Soul Sister Review – Edinburgh Festival Theatre

The road to superstardom never did run smoothly and nobody knew that better than Tina Turner. Soul Sister is both a fun and energetic tribute and a shocking and heart wrenching insight into her turbulent life both on and off the stage. Married to soul managed Ike Turner from a young age, she found herself battling with domestic abuse and a lack of personal confidence in private whilst enjoying worldwide musical success as the leading lady of the Ike and Tina Turner Revue.

 

In Soul Sister, Emi Wokoma gives a faultless performance as Tina that comes off as genuine and believable rather than tacky and impersonator-like. She confidently feeds off the audience during her performance numbers, making them feel included and like they are watching her sold-out concert. Whilst Wokoma resembles the character she is playing both physically and vocally, her own performance quirks make both the role and the songs her own. With a voice that can hit notes as high as her wild backcombed hair, she is a talented leading lady with a bright future in the industry. Chris Tummings also gives a highly commendable performance as one of music’s most infamous villains, Ike Turner. He manages to display a side of Ike that is so often overlooked due to the fact that he was undoubtedly an evil wife-beating drunk with a chip on his shoulder about the ability of black musicians to ‘make it’ in showbiz. He was incredibly intelligent, driven and, at times, charming and funny and Tummings managed to strike the perfect balance between these contrasting and competing personality traits which results in the audience both understanding and despising him.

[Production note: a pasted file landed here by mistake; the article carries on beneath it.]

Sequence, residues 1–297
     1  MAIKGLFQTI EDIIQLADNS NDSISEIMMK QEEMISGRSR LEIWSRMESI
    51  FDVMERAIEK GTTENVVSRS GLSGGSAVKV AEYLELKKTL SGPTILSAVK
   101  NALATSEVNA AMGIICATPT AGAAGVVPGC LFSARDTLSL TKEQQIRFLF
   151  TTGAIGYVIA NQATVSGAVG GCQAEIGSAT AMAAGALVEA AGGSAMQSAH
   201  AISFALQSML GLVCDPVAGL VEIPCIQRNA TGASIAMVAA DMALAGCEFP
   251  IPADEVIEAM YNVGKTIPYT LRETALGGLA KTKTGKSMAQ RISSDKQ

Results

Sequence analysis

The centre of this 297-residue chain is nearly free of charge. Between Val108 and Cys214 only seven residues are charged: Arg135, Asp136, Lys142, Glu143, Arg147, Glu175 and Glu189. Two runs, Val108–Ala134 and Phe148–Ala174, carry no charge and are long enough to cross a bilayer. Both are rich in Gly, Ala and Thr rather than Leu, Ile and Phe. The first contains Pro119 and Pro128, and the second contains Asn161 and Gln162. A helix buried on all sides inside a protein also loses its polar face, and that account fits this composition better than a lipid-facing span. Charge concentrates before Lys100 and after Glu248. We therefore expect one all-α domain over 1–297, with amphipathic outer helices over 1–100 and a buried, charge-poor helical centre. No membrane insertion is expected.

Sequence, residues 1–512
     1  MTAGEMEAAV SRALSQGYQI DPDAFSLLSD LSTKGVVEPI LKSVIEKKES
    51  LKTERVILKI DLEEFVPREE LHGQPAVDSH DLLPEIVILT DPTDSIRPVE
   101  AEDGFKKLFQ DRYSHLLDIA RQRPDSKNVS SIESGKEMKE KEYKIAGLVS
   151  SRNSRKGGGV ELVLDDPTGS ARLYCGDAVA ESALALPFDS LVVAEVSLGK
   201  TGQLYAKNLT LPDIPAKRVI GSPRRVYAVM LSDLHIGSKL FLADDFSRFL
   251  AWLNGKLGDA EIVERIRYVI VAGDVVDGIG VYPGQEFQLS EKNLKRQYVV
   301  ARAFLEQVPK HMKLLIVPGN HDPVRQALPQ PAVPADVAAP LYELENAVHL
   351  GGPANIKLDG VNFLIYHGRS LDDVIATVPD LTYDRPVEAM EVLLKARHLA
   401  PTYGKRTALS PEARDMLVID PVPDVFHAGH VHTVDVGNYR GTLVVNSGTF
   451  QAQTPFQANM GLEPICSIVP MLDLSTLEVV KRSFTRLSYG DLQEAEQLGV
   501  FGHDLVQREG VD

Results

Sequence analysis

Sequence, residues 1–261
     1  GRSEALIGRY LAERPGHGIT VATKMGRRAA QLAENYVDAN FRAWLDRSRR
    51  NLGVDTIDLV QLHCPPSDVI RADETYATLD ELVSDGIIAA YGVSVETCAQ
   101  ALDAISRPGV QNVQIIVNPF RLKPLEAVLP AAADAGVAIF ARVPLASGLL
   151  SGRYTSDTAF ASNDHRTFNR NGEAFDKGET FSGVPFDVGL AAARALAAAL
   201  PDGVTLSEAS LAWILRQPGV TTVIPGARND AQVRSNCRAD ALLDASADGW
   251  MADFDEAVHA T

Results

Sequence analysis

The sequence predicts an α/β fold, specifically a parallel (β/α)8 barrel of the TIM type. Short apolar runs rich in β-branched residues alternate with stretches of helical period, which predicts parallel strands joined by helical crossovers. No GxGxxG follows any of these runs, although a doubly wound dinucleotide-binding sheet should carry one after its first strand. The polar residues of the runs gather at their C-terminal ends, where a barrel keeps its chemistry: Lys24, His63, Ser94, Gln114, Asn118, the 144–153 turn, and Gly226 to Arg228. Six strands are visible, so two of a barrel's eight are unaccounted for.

The narrative is clear and concise throughout, with every song being included having a purpose in terms of developing either the story or one of the characters. Some scenes of domestic violence are difficult to watch but are vital in terms of successfully portraying the strong hold Ike had over Tina in their later years together.

 

The inclusion of a live soul band onstage also added to the trans portative atmosphere of the show and left the audience feeling as though they were lucky enough to be sitting watching them play in a 1960’s soul club.

 

Overall, Soul Sister provides an interesting and eye-opening view into the life and times of Tina Turner. A must-see for anyone interested in stories of love, success, disenchantment and self-belief, as well as fans of the lady herself who will leave feeling as though they know her a little better for seeing the show.

 

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Post Author: Amy Anderson